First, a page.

Written by Patrick Kavanagh
Africa continues to face serious challenges. On several measures of human development, many of its 54 countries rank near the bottom of the scale.
Lately, however, the continent has been the source of encouraging good news, particularly in the spheres of knowledge creation and innovation. In recent years Africans have made significant progress in crucial sectors such as communications technology, food security, and governance.
Tilt toward peace
According to South African researcher Jakkie Cilliers, Africa has advanced also in the area of human security. Since the turn of the millennium, he says, “We have seen a dramatic decline in conflict – something like a two-thirds decline.”
There are several reasons for the sudden shift toward peace, says Cilliers:
(1) African governments have improved their performance generally, which includes boosting their capacity to provide security.
(2) Africans are taking more of a leadership role in peacemaking and other forms of international engagement. Increasingly they seek “African solutions to African problems.”
(3) Although much still needs to be done, the continent has witnessed a strengthening of democracy and respect for human rights.
(4) And, thanks to improved macroeconomic management, strong commodity prices, and reduced debt, most African economies have grown steadily for almost a decade.
Leading think tank
Cilliers had served for 14 years as an artillery officer in the South African Defence Force, but resigned for political reasons in 1989. In 1991 he co-founded the Pretoria-based Institute for Security Studies (ISS), and is today its executive director.
Initially, ISS focused on researching defence issues such as the institution of civilian control over South Africa’s military. When that was achieved, the organization adopted a more expansive definition of human security. Its website says, “ISS works towards a stable and peaceful Africa characterised by sustainable development, human rights, the rule of law, democracy, collaborative security and gender mainstreaming.”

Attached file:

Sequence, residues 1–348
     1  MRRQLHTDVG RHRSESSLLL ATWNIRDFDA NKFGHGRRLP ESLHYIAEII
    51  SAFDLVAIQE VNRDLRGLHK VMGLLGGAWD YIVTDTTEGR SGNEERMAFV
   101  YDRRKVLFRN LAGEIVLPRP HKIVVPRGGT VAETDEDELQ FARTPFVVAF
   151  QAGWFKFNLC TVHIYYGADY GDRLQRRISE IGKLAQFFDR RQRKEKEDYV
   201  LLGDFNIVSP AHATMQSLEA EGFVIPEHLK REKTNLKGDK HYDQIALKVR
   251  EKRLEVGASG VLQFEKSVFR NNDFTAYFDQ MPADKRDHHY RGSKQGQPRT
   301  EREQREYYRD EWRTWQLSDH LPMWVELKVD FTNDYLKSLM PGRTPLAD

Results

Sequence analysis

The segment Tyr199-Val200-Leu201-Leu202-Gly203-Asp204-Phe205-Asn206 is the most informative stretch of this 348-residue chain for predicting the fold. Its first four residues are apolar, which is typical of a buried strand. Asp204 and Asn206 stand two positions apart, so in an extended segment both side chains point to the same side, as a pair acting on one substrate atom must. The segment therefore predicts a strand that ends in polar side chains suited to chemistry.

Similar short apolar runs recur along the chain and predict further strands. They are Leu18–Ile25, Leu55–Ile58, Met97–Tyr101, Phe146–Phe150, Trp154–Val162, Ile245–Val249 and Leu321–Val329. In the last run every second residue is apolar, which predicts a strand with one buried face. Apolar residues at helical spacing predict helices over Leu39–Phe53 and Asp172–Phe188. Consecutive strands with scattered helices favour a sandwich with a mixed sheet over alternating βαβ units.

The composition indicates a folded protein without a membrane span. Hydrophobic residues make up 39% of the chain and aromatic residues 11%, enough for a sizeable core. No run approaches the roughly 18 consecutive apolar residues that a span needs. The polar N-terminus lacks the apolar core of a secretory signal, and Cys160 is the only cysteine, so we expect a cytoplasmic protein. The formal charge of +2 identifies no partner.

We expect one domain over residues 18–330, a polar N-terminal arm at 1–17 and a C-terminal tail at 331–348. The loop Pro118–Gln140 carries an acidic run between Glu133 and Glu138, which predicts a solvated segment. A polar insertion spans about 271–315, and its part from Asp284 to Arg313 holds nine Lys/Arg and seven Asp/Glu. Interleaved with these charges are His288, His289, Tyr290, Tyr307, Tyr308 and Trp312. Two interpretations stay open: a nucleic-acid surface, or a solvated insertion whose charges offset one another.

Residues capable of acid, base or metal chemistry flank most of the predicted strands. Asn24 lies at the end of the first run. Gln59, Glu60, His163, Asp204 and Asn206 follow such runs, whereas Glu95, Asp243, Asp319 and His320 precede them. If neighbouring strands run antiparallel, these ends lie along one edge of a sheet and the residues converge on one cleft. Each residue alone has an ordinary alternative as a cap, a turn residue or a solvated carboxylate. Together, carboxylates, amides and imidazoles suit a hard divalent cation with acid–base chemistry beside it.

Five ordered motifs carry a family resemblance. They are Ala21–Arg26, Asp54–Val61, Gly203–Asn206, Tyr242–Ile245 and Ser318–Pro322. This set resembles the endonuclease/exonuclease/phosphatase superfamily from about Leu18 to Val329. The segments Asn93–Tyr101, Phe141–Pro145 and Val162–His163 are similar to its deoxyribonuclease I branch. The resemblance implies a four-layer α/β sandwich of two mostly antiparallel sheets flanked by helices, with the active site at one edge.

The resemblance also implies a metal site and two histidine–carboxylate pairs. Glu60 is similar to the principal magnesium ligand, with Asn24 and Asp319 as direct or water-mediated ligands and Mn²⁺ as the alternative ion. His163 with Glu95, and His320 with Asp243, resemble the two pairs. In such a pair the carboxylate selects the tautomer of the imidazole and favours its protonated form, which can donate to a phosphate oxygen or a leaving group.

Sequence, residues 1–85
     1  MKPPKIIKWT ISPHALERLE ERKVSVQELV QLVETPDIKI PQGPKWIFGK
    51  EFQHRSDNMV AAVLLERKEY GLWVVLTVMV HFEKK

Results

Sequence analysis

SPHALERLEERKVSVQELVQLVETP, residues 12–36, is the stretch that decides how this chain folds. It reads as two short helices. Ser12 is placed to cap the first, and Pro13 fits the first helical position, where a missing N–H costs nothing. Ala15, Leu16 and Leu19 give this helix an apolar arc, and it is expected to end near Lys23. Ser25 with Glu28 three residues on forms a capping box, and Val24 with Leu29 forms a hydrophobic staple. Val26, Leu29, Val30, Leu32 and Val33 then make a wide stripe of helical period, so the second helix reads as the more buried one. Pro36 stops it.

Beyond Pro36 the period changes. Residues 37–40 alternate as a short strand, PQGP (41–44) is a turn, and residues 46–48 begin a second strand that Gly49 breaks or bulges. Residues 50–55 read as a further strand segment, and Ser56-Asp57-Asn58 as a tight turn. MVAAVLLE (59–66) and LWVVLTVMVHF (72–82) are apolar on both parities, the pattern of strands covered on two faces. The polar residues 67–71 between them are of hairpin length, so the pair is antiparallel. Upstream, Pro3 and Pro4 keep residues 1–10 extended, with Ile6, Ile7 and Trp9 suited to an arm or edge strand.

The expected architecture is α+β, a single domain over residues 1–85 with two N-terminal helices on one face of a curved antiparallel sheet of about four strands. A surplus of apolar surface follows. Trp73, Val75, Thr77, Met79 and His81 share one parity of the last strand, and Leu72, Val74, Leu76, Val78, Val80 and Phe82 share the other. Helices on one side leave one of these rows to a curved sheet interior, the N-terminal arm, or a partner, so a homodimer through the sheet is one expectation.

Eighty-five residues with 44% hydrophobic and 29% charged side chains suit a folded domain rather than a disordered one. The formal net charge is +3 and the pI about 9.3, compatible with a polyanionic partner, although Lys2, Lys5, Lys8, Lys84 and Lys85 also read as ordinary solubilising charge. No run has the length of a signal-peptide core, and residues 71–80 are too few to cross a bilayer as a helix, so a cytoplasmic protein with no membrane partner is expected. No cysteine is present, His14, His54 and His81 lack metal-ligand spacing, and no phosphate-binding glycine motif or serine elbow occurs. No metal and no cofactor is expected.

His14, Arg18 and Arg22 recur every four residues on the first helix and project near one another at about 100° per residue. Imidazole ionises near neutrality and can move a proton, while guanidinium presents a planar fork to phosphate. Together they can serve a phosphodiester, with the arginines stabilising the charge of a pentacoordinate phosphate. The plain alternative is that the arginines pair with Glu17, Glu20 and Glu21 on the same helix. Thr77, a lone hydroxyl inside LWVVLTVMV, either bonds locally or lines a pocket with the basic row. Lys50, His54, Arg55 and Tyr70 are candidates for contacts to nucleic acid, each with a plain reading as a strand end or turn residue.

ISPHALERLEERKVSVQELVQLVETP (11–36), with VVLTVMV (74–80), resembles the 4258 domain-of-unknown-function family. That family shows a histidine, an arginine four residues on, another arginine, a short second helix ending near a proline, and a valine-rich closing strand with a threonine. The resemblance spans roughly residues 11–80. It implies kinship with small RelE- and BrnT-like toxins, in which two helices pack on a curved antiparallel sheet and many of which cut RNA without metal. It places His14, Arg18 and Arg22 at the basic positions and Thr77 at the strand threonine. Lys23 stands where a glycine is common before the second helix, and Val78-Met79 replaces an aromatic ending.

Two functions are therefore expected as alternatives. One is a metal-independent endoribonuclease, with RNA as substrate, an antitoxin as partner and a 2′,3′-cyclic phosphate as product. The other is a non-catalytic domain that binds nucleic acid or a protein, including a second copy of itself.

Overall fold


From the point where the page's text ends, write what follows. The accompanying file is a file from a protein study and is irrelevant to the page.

A long-time IDRC grantee, ISS has been named one of Africa’s foremost think tanks.
In November 2010, Cilliers visited IDRC to talk about the future of Africa. Here follow some highlights from his presentation.
Population growth = economic growth
According to Cilliers, the basis of sustainable African security is a healthy economy. Furthermore, he argues that bigger cities fuel healthier economies: “Historically, population growth and urbanization have been the main drivers of economic growth, and that will also be the situation in Africa.”
Cilliers notes that Africa now has 14% of the world’s population. Even factoring the impact of AIDS, by 2050 it will have 25% – that is, one in every four persons on the planet will be African. Before 2027, Africa will have more people than does China or India.
Although the picture is hugely complicated, ultimately Africa’s demographic momentum is expected to translate into economic momentum. The ISS forecasts that gross domestic product (GDP) will increase in Africa, and eventually, so too will per capita GDP.
Economic well-being bodes well for African security because, Cilliers agues, “The most powerful predictors of civil conflict are weak economic growth and volatile low income.”
Although in itself not a direct cause of conflict, climate change can make existing problems worse, and so it can pose a serious threat to Africa’s security. For example:
(1) Reduced supplies of water combined with growing demands for it could lead to increasing competition, perhaps ultimately to violence.
(2) Reductions in crop yields and increasingly unpredictable global weather patterns may contribute to higher food prices and greater food insecurity, eventually triggering riots.
(3) Sea level changes, natural disasters, and the reduced viability of farmland may cause destabilising population movements.
The impacts of climate change will not happen in a uniform manner across Africa, but will be magnified or moderated by underlying conditions of governance, local poverty levels, and the nature of resource management.
Cilliers touched on many other issues, including Africa’s relationship with China and India, trans-boundary disputes over water, and the conflicts in Somalia, Sudan, and the Democratic Republic of the Congo. He concluded by arguing that the major security challenge facing Africa is the management of its urban spaces, and he highlighted flashpoints such as the large numbers of unemployed and poorly educated young men, urban gangs, and private security firms.